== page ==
Wednesday, 9 December 2015

A visit to the river






I do so love winter. The cold, the grey, the biting wind tangling my hair. I know I can say this with ease because I have a warm comfortable home to come back to afterwards, and I am not forgetting those who don't and those for whom winter has brought misery.

But in the midst of all the lights and frantic activity and mass consumerism, I love to get far away from it all and fix my eyes on the horizon and breath deeply. Grey is such a soothing colour I think. An antidote to the clash of Christmas colours. Down by the river on Sunday there was grey aplenty.

I've written before about this immense river of ours. Under the bridge, the Second Severn Crossing, it becomes the Severn Estuary. We stood underneath for a while. The noise of the motorway above is strangely absent when you're directly below the road.

This is the end of 220 miles of river. It starts in the Cambrian Mountains in the middle of Wales, some 2000 feet higher than here. The way the estuary is shaped causes a funnelling of sea water up the river, which has the second highest tidal range in the world. On a high tide, the water rises almost 50 feet. The currents are swirling, lethal, and below the water are sandbanks and mudflats ready to trap the many ships that pass this way. The nearby docks send pilots out to bring ships in, it's a requirement that their experienced pilots are used in these dangerous waters. I wouldn't like to be out there now, and I certainly wouldn't have liked to be out there in the 1700s.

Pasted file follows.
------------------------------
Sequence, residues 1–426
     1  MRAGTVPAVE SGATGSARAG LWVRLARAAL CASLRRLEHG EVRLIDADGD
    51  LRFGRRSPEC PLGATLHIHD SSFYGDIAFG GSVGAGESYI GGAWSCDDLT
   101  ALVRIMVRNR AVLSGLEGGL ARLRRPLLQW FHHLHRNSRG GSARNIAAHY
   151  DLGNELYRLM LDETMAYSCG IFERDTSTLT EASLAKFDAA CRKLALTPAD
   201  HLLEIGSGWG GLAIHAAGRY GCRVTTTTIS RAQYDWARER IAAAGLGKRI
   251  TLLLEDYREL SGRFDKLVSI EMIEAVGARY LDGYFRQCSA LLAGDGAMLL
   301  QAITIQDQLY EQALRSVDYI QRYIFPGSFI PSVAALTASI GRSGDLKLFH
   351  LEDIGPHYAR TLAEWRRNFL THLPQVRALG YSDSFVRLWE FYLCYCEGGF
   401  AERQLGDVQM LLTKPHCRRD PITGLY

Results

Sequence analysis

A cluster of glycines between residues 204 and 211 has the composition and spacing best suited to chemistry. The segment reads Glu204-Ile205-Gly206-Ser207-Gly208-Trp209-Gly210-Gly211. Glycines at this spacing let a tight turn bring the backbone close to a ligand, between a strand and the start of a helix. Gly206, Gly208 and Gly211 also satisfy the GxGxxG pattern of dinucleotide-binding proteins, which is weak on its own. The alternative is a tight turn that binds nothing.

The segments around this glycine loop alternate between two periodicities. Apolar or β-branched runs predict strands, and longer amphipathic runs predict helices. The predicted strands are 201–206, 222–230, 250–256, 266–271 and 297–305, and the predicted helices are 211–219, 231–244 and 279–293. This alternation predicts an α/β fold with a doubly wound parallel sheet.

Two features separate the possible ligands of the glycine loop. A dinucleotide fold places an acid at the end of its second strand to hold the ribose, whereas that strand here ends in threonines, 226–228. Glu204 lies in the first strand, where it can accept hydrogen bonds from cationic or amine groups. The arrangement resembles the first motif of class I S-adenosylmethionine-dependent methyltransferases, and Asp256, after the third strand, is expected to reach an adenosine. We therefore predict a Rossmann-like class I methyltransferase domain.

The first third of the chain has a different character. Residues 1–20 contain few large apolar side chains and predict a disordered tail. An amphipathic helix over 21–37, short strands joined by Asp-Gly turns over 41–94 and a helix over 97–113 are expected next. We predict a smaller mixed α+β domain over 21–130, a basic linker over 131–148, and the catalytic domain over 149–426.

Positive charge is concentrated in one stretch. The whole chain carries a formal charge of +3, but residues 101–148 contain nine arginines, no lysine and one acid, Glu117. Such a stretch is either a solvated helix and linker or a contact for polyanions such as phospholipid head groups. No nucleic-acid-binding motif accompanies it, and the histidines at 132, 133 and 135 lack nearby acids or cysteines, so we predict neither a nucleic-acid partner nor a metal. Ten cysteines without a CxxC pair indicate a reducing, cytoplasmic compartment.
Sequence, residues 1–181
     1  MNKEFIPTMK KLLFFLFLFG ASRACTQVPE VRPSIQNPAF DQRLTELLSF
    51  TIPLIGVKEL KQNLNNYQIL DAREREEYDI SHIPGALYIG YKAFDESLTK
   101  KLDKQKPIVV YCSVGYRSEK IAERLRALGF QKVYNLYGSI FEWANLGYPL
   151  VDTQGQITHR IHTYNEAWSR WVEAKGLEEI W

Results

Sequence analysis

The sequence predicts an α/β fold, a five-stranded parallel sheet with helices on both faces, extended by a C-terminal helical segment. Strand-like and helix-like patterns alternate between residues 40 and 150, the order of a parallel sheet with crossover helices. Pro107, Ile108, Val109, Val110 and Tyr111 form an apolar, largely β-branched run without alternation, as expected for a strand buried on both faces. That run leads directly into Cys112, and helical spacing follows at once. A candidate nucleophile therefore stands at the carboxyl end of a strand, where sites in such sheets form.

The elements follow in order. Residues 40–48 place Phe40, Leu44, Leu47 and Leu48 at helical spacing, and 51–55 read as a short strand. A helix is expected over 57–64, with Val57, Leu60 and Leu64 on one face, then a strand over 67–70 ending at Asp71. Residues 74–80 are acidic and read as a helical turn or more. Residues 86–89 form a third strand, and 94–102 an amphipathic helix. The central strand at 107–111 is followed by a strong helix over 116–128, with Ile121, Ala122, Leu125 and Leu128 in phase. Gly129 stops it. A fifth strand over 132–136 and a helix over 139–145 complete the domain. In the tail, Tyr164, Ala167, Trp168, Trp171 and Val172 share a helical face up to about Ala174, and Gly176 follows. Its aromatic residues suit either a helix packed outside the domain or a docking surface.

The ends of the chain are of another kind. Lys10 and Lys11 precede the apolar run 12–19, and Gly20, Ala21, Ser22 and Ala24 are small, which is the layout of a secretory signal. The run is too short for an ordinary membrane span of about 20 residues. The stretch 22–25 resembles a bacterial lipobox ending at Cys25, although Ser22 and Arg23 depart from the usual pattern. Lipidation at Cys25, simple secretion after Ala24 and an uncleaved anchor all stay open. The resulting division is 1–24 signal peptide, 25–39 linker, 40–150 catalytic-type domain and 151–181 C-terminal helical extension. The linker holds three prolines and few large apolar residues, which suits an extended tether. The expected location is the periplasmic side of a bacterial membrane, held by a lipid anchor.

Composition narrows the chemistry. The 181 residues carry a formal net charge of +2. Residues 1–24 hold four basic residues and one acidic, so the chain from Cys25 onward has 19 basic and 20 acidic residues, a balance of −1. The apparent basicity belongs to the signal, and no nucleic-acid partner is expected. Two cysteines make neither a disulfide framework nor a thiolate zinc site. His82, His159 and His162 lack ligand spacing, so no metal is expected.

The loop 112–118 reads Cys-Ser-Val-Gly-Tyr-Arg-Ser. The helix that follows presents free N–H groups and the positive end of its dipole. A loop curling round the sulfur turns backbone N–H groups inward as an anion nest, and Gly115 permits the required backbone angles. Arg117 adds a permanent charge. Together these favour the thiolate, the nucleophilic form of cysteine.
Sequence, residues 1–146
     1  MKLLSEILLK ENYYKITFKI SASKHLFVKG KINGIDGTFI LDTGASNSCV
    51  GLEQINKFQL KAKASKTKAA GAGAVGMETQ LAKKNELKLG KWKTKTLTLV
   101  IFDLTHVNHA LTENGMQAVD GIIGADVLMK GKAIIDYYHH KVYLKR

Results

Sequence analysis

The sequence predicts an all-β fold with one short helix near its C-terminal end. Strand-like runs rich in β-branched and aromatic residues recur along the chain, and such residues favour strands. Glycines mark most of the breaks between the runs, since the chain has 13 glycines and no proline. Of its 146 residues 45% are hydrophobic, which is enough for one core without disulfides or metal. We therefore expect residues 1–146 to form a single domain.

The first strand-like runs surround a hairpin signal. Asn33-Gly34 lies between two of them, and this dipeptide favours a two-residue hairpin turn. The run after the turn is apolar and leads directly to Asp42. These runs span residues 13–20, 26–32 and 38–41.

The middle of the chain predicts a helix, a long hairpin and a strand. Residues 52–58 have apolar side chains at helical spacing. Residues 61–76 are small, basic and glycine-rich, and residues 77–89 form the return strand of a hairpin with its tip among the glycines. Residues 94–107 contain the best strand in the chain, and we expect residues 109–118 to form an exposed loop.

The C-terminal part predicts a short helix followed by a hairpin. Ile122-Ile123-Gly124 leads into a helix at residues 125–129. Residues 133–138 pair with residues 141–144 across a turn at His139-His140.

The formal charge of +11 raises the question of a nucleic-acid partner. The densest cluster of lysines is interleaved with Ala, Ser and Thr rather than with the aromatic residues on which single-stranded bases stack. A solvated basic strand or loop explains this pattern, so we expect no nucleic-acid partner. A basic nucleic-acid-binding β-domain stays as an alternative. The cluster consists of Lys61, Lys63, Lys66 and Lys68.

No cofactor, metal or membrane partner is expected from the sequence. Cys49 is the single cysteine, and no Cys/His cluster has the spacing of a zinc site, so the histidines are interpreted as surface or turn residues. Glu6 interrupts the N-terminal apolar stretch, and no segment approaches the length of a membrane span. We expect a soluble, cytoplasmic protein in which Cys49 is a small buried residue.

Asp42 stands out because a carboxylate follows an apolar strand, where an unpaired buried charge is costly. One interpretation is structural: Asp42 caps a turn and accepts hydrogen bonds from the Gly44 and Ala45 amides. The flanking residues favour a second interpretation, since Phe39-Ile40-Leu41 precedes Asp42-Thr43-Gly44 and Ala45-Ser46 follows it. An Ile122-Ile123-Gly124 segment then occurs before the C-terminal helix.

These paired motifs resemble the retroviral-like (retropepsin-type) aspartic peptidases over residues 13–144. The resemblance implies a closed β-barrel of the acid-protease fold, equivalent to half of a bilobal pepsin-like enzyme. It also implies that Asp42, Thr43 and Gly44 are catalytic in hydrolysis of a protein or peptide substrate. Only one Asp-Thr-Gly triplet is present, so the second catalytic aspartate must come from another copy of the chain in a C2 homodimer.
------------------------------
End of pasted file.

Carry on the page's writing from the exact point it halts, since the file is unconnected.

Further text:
It's a quicker route to Wales though, so for a long time people have been braving the currents. The other bridge is further upstream, nearer to where we live. A big suspension bridge, but too far into the gloom to show up well in a photo. I've probably mentioned it before, but when I'm crossing the river on one of these bridges I tend to sink my nails into my palms ever so slightly. I like to see the river, but preferably from the bank.

Out on the water there were birds bobbing around. Maybe 300 wigeon. It's a great place for birds, they love the mud flats that are exposed at low tide. There were fishermen as well. Given the middle boy's sudden love of all things fishy we went and had a chat, and watched hooks being baited and cast into the murky water. The currents swirl up mud and sediment into the water, making it the colour of hot chocolate.